One of my favourite comic book concepts is the Legion of Superheroes, which can be summed up in a simple sentence: a thousand years in the future, superpowered teenagers battle to save the universe. One of my favourite members of the Legion of Superheroes is Ultra Boy, the result of a pure comic book question: what if a character had the powers of Superman, but could only use them one at a time?
Ultra Boy has many phenomenal powers: super-strength, invulnerability, flight, super-speed, and various vision powers, including x-ray vision and heat-vision. With that combination of superpowers, he ought to be one of the most powerful superheroes in the universe, but for that one weakness: he can only use one of those superpowers at any given time.
Why am I talking about Ultra Boy? Because he is, essentially, Alex Edler. (The main difference is that Edler has never been eaten by a space whale.)
Edler has all of the abilities of a number one defenceman. He has one of the hardest shots in the league, he can pass the puck with sublime vision, he can score goals on end-to-end rushes, he can make incredible defensive plays, he can hit like a mack truck, and he can play big minutes in all situations. His main problem has been putting all of those elements together at once.
It feels like Edler should be Superman, but, too often, he’s Ultra Boy: in one game he’ll be a physical defenceman, throwing big hits at every opportunity. The next game he’ll be a risk-prone, purely-offensive defenceman. In one game every pass will be tape-to-tape, but in the next he’s drop-passing the puck to the other team’s best player.
It’s possible that one of the reasons Edler meshed so well with Christian Ehrhoff is that Ehrhoff’s ability to skate with the puck and be creative in the offensive zone restricted Edler in a good way. Instead of trying to be a do-everything defenceman, Edler settled into a more limited role as the safe, reliable member of their duo. But Edler has all the skills necessary to be more.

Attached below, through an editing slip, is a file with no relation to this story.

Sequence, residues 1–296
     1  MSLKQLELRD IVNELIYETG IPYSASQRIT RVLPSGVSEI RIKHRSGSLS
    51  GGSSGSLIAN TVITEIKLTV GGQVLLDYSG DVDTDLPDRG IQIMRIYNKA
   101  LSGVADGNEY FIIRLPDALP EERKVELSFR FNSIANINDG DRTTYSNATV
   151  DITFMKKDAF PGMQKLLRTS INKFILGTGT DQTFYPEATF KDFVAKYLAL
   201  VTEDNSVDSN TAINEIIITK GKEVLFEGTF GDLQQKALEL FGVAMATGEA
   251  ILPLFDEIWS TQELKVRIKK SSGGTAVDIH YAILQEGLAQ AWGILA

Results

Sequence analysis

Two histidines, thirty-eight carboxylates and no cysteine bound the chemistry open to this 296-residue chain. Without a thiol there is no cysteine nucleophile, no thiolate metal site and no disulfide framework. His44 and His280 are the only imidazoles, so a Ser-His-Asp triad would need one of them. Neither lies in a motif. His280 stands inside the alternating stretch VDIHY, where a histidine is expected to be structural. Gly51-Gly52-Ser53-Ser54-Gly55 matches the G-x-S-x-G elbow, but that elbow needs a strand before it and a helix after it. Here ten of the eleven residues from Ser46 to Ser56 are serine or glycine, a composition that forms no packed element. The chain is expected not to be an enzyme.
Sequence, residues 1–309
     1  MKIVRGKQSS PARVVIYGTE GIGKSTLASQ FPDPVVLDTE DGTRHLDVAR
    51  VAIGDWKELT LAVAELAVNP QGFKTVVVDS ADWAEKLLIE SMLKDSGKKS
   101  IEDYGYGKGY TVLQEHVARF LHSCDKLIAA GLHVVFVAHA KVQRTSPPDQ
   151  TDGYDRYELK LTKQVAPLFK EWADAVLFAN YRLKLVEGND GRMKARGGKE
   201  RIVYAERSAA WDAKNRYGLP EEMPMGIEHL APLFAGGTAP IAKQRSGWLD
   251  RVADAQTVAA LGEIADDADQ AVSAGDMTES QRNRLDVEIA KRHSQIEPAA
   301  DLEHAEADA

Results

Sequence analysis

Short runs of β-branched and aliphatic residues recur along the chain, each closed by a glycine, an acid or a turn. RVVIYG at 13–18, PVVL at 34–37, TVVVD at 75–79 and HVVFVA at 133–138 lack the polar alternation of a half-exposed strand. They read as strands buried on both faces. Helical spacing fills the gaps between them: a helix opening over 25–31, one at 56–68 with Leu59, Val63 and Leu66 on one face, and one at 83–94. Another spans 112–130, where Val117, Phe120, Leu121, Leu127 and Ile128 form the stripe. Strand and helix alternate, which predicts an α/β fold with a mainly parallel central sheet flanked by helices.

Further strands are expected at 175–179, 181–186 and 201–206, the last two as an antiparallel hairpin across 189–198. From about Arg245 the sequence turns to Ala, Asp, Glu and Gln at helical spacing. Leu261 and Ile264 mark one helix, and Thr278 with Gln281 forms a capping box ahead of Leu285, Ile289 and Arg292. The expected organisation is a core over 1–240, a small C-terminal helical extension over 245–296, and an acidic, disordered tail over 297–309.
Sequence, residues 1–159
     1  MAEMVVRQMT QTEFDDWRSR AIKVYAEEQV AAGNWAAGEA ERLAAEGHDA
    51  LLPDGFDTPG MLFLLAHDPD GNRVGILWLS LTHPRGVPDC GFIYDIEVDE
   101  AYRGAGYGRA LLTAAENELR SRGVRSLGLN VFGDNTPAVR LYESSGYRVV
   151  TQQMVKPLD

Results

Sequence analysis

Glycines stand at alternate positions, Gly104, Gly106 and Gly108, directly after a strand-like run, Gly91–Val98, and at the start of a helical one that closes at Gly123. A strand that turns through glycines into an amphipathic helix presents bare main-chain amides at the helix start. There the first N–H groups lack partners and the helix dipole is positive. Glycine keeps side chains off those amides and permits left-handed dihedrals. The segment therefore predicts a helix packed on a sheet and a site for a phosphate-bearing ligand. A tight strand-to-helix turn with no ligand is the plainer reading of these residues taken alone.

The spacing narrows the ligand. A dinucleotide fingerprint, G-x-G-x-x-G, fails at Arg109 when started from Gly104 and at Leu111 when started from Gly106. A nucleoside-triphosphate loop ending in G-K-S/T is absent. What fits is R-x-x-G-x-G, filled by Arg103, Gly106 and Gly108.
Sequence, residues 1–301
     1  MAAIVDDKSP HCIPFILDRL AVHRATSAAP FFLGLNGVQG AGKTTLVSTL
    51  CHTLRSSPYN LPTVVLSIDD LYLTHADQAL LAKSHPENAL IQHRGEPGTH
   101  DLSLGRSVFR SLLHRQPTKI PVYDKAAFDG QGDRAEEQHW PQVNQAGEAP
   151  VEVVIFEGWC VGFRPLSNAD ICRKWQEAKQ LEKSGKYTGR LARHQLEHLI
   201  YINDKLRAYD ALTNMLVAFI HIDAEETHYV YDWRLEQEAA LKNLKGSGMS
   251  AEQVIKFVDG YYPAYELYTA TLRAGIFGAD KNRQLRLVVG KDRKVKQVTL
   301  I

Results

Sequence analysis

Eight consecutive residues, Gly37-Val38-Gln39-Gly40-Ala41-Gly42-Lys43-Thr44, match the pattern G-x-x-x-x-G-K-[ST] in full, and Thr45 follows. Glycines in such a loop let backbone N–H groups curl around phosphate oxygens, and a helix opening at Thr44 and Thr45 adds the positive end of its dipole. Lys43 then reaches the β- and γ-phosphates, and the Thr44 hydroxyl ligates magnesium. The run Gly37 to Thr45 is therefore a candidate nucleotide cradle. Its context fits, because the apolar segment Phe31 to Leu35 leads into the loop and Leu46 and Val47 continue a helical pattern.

We’ve been tough on Edler this offseason, which is a little odd considering he posted career highs in shots, goals, assists, and (of course) points, but he struggled down the stretch during the regular season and had some disastrous moments in the playoffs. But an oddball statistic I saw recently got me thinking about Edler and how much bounces, both good and bad, can shape a player’s season.
That statistic was most posts hit this season, which was tracked by Dirk Hoag at the Nashville Predators blog On the Forecheck. Edler tied with Nicklas Lidstrom for most posts hit by a defenceman this season with 8. Although Edler had a career-high in goals with 11, he also rang shots off the iron an additional 8 times. While this statistic alone doesn’t mean that Edler was particularly unlucky this season, as he took a lot of shots, giving him many opportunities to hit the post, if you start to look at other elements of Edler’s season, the bounces seemed to be against him almost all year.
Consider the epidemic of Edler’s broken sticks this past season. I don’t have any official statistics, but if I had to guess, I’d say Edler broken eleventy kajillion sticks while shooting, passing, stickhandling, and breathing. Many promising plays in the offensive zone died on Edler’s broken stick and many promising plays for the opposition came as a result of the same.
As for actual statistics, Edler’s shooting percentage was actually the second lowest of his career, despite his career high in goals. In addition, the shooting percentage of himself and his teammates when he was on the ice was the lowest of his career. The save percentage of the Canucks’ goaltenders when he was on the ice was also the lowest of his career, which means his PDO, which is a combination of on-ice shooting and save percentages, was also the lowest of his career.
All of this adds up to a player who, despite scoring 49 points and getting picked for the All Star Game, actually had a lot of bounces go against him this past season. And for a player who has lacked certainty in his own ability to be a top-tier defenceman, it’s not a stretch to think that those bad bounces could wreak havoc on Edler’s confidence. If enough bounces go against a player, it’s pretty natural for that player to start wondering if it isn’t the bounces that are bad; it’s him.
Combine that with the lack of consistent partner over the back half of the season and Edler’s struggles begin to make sense, at least to me. I’m sincerely hoping that this offseason brings a new partner and a dose of cockiness to Edler: I want him to be Superman next season, not Ultra Boy.Tags: alex edler, Bounces, Statistics, Super obscure comic book references, Ultra Boy